Often times there can be third party software such as firewalls, anti-virus, or anti-spyware programs where the security level either set incorrectly or simply too high, and it is blocking the outgoing network traffic. This is mostly common on windows machines but it is also possible on OS X as well. Unfortunately there's no one single straightforward method of identifying this problem because there is so much software out there. One thing you can do on a windows machine is boot into "safe mode with networking" by pressing F8 on startup. If the Internet connection is working fine in safe mode and not in regular mode, there is a decent chance that certain software is blocking the connection, because said software will not be running in safe mode. Usually the best way to identify what could be blocking traffic is to boot back into regular mode, and check every program running in the system tray. (Note: on OS X, this software would most likely present itself either in the menu bar at the top of the screen, or at the very bottom of System Preferences) Anything that is anti-virus, anti-spyware, or firewall related could be the culprit.

Once you have identified any type of anti-virus, anti-spyware, or firewall software running, start by disabling the software altogether. If this repairs the connection, you can narrow down your search by re-enabling the software and going through some of the settings. Check specifically for firewall or traffic blocking settings, try disabling them or lowering the security level. If disabling the software altogether has no effect, continue to the next section.

5. Malware: check for malicious network layer software (Windows)

Equally common (though these days perhaps more common) to friendly firewall software are malicious forms of malware: viruses, or spyware, which either block or re-direct your network traffic. Anything malicious of this nature can be interfering with your network interface and cause all sorts of problems. Contact the Technology Service Desk for help removing malware.

If the machine comes up clean, or the removal of malware did not put the network connection back into a working state, it is possible that the registry still has remaining corruptions due to present or previous malicious software. WinSockFix is an incredibly useful tool that deserves a special mention here because it specifically locates network-related registry entries and attempts to fix them. WinSockFix is available from Softpedia here.

6. Network Equipment: check local network equipment for problems

The problem can often lie in the switch, router, or modem that your system is connected to. If you have access to this hardware, here are common things to check to ensure that the network equipment is functioning properly.

  • The first thing you should always try is to do a basic power cycle of the router. Unplug the power cable from the wall and wait for a good solid 5 minutes. The reason to wait is so that all the temporary memory is cleared and potentially erroneous data is wiped.
  • If a cable modem is involved as well, perform the same power cycle on the modem.
  • Check the routers configuration to make sure the DHCP server is enabled. Usually the router configuration can be accessed by opening a web browser and navigating to http://192.168.1.1 or http://192.168.0.1, depending on the type of router. Once in the configuration look for a setting for the DHCP server, and make sure it is running.
  • Check the routers configuration for high-security firewall settings. Some routers have an extra firewall layer that is usually unnecessary if you are running an operating system level firewall. Try disabling this or reducing the security level.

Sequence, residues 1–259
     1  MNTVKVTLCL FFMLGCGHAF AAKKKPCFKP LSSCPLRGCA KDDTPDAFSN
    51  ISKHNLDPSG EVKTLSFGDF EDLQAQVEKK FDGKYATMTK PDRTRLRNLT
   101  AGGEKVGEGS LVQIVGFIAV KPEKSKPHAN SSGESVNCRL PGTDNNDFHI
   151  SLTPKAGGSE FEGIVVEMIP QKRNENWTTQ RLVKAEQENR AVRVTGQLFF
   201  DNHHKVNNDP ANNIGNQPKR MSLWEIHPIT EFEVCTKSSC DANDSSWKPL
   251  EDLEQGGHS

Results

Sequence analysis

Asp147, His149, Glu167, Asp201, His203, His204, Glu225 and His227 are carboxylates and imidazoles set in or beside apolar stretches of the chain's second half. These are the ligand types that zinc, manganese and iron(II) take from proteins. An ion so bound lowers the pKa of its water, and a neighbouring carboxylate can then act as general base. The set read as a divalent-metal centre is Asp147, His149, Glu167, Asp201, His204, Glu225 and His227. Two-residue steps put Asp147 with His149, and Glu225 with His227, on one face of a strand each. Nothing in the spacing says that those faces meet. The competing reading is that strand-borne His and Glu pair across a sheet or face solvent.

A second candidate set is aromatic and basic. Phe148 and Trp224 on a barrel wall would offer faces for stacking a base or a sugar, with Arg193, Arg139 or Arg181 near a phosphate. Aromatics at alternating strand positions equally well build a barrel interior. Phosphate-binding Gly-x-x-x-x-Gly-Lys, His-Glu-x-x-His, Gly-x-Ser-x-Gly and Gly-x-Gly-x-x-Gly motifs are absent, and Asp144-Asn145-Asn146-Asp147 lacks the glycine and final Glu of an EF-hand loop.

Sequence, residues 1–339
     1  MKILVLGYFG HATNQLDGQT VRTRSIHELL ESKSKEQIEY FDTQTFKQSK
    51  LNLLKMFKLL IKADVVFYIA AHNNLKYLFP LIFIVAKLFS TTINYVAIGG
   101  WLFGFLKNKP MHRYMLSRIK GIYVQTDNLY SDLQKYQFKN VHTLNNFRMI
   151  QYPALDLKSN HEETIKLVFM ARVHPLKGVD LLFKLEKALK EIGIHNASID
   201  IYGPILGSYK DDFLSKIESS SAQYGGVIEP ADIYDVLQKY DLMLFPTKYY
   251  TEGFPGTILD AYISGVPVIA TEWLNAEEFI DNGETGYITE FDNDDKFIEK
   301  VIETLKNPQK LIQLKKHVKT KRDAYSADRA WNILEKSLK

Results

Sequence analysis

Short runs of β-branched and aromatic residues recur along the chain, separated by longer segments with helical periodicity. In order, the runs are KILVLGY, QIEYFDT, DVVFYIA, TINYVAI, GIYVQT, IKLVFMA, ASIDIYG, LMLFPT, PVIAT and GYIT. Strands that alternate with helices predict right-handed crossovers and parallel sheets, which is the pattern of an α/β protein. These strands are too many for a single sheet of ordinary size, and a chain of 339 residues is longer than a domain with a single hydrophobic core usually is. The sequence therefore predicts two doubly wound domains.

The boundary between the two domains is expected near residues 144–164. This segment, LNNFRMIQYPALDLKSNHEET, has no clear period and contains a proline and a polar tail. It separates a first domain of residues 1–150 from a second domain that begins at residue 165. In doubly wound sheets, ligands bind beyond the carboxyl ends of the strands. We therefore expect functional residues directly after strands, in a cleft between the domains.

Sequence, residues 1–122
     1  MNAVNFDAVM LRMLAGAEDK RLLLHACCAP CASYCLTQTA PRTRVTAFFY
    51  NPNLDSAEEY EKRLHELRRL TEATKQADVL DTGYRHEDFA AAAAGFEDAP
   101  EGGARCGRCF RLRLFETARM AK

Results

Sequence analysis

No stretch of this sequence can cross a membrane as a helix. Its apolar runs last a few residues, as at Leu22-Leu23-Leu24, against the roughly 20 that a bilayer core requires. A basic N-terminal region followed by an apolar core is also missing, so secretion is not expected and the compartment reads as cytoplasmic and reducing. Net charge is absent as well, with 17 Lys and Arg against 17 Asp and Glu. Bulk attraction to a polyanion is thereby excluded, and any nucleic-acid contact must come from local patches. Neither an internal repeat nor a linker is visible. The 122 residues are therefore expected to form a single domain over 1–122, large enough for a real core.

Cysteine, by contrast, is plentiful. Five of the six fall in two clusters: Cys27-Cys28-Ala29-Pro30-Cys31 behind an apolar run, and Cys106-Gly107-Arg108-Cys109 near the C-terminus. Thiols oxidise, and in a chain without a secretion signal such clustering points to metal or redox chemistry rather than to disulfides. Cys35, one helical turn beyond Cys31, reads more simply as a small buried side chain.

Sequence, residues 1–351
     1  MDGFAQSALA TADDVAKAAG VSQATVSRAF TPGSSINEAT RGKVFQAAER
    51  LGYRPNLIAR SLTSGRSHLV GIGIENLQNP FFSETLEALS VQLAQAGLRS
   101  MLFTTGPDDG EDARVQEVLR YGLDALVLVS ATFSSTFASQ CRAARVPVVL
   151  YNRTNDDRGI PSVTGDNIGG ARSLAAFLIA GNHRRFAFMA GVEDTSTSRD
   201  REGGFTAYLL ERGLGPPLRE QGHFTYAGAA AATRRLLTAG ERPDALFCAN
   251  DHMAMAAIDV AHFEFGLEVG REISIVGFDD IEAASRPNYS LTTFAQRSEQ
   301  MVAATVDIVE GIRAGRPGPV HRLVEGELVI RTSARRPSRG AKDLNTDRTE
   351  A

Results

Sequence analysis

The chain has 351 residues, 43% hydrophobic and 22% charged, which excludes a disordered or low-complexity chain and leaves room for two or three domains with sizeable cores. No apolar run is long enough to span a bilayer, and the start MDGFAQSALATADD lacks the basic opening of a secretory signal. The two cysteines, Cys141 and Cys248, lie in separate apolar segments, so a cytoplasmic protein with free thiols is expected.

• Check the routers wifi configuration. Sometimes due to interference you may need to change the wireless frequency (referred to as "channel") to get a clearer signal.
  • Failing all of the above, most routers allow you to reset the configuration to factory settings. Usually you may do this through an option in the HTML configuration page, or by pressing and holding the "Reset" physical switch on the back of the router for a certain amount of time. Look this up for the model router before trying it.
  • Note: Additionally, you can upgrade the routers firmware to the latest version. On very old routers there can sometimes be disagreements with newer network cards. 

Contact ISP or Network Administrator

If you are confident that your software configuration is in check and have tried resetting the network equipment, its always possible that the external uplink is having issues. Try contacting the nearest network administrator if this is a business or commercial setting, or the service provider in a residential setting.

7. Device Drivers: re-install network device drivers (Windows)

At this point we have ruled out most of the common software issues that you are likely to ever see. Its possible now that either the hardware itself is broken or the driver has been messed up in some manner. The best way to resolve this is to download the latest official driver from the manufacturer and install it.

  • Find out the specific model of your computer. Example: Dell Inspiron E1500, or Sony Vaio VPCCW21FX/L
  • Go to the manufacturers Website, find the Software Drivers & Downloads section, and enter in the model of your computer.
  • Find the specific network driver you need. Make sure if the problem is with wifi that you get the Wireless Card driver, and if it's with the wired connection, make sure you download the Broadband or Ethernet driver. Make absolutely sure that you get the latest driver (look at the date!)
  • Once the driver is downloaded, there are two ways to approach installing it
  • The simplest way is to just run the installer for the driver, and overwrite the existing driver. Once it's installed, restart the computer and test the connection.
  • The manual way to install the driver is to first remove the existing driver configuration.
  • Right click My Computer and go to "Properties"
  • Go to the "Hardware" tab and click "Device Manager." On Windows 7, "Device Manager" is on the opening page.
  • Find the Ethernet or wireless card device that you wish to fix, right click it and click "Uninstall"
  • You will be prompted immediately that new hardware has been found; if not, restart the computer to activate the prompt.
  • Within this prompt you can point to a location of the driver file for the hardware device. Point to the downloaded driver file(s).

8. Hardware: reseat or replace network card hardware

It's always possible that the hardware itself on the network card is faulty. This is especially likely if the problem presents itself seemingly randomly or intermittently. The first thing to try is simply re-seating the card. This is obviously much easier on a desktop computer than a laptop but the same idea applies to both. This guide will not go into too much depth on the hardware side of things. If you can get access to the card, either by removing the side case of a desktop or the top case of a laptop, try pulling out the card from its slot completely and then plugging it back in firmly. If there are screws, make sure that they are secured tightly and that the card does not move at all if you wiggle it gently.

Failing this, the card may need to be replaced with a new one.

Still having problems? Contact the Technology Service Desk for assistance.